Today was a day of travel and relaxing. In the morning we said farewell to Seoul and hello to Gyeongju. Seoul was brilliant, but I will admit, I was absolutely ready for some space after being in such a large city. The journey to Gyeongju itself was brilliant; the countryside of Korea is a sight to behold. The terrain is extremely mountainous and forested, but thankfully, the road system never feels as precarious as some American interstates do in the mountains. Further, the rest stops are absurdly nice. I absolutely, positively demand that the United States introduce rest stops with Krispy Kreme, Starbucks, various restaurants, and so on.
By the time we arrived in Gyeongju, we had all been sitting on the bus for several hours, and thus, were ready to stretch our legs. As such, I chose to take a lengthy walk around the lake by our hotel. For all of the very obvious things that are different about Korea, I don’t know that I ever picked up on a far more subtle one: people seem far cheerier. Perhaps this is all coincidence, and by no means am I saying that people in the United States are miserable, but every face I saw today looked happy to be alive, walking through the beautiful nature. I saw a young child begging his father for something today, and after being denied over and over, he simply moved on with his life. Maybe I am jaded because my little sister can be particularly difficult, but I don’t know that I have heard a single child cry while in this country. I am sure it has happened, but I also suspect there is some sort of cultural explanation for the public attitudes of Korean residents.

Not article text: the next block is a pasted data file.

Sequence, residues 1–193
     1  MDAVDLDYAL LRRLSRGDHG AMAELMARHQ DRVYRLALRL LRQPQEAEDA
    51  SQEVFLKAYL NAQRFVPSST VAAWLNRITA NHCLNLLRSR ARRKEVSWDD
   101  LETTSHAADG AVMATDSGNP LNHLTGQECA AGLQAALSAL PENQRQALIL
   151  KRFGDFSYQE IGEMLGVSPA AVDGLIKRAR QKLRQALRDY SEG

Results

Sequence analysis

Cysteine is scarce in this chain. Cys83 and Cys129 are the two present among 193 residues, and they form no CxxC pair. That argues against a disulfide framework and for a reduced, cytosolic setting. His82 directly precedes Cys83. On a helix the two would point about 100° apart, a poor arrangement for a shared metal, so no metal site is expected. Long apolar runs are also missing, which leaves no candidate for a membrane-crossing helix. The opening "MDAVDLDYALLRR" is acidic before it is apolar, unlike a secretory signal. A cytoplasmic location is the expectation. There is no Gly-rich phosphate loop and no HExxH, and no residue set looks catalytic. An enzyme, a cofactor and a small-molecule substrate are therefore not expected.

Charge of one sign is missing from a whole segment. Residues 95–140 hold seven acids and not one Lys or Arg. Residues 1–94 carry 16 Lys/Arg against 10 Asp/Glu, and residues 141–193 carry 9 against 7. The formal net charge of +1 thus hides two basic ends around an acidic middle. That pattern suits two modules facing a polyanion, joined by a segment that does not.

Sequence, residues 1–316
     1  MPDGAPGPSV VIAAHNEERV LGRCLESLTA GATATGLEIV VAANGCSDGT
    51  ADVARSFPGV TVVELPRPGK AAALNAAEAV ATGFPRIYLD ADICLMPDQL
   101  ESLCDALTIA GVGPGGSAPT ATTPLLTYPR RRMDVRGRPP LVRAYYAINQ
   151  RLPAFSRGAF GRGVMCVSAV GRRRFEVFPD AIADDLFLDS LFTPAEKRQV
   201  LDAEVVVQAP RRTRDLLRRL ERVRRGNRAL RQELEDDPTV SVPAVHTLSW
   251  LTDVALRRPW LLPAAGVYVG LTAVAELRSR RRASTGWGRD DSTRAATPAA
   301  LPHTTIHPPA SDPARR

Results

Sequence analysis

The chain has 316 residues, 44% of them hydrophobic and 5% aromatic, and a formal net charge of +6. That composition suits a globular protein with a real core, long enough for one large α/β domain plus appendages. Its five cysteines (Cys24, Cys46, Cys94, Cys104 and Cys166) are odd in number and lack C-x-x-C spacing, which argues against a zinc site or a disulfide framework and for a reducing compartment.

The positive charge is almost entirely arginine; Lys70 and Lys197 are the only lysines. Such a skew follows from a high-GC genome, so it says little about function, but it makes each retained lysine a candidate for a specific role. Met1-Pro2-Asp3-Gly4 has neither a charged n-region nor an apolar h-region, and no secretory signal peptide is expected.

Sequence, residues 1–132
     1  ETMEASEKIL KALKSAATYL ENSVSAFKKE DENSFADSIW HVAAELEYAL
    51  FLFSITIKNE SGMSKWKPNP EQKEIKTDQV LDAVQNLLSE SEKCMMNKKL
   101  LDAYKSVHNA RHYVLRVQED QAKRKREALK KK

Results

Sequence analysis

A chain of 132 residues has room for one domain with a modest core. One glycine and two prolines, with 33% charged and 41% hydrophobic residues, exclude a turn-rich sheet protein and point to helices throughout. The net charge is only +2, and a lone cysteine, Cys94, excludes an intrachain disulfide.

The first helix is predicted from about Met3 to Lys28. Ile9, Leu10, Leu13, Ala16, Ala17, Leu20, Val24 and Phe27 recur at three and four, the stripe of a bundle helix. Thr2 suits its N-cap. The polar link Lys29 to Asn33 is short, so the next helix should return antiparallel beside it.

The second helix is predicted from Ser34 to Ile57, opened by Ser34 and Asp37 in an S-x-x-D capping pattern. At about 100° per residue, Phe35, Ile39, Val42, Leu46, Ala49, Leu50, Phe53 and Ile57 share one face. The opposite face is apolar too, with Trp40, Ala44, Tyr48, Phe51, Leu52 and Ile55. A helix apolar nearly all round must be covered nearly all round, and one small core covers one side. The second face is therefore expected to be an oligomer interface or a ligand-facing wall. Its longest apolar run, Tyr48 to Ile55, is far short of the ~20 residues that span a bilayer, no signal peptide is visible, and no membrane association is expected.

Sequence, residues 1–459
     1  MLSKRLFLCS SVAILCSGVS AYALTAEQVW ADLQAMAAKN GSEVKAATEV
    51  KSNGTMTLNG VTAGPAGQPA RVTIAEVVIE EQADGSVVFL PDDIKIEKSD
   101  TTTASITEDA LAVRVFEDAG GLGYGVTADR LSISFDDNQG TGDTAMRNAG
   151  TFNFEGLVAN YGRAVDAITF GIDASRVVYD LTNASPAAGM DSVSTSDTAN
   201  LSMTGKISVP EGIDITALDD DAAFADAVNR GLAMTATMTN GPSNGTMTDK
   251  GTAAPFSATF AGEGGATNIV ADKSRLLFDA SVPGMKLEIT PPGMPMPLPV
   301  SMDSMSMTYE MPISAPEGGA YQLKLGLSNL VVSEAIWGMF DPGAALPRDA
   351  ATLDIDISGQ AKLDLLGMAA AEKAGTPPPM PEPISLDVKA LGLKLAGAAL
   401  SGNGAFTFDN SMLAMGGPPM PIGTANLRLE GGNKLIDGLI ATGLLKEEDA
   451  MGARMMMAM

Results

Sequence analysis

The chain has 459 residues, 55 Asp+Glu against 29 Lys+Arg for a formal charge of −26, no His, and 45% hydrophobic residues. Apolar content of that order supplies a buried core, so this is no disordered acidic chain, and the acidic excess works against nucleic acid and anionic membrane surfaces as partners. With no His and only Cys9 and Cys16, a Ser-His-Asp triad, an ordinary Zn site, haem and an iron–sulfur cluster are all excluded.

I am exceptionally excited to be in this smaller community, and I am ecstatic to see the history of Gyeongju tomorrow during our tour of the city. Further, I am ready to see how different the culture is in a less urban environment. I wish I had more to report for today, but frankly, it has been a pleasure to be able to rest; this Saturday was uneventful.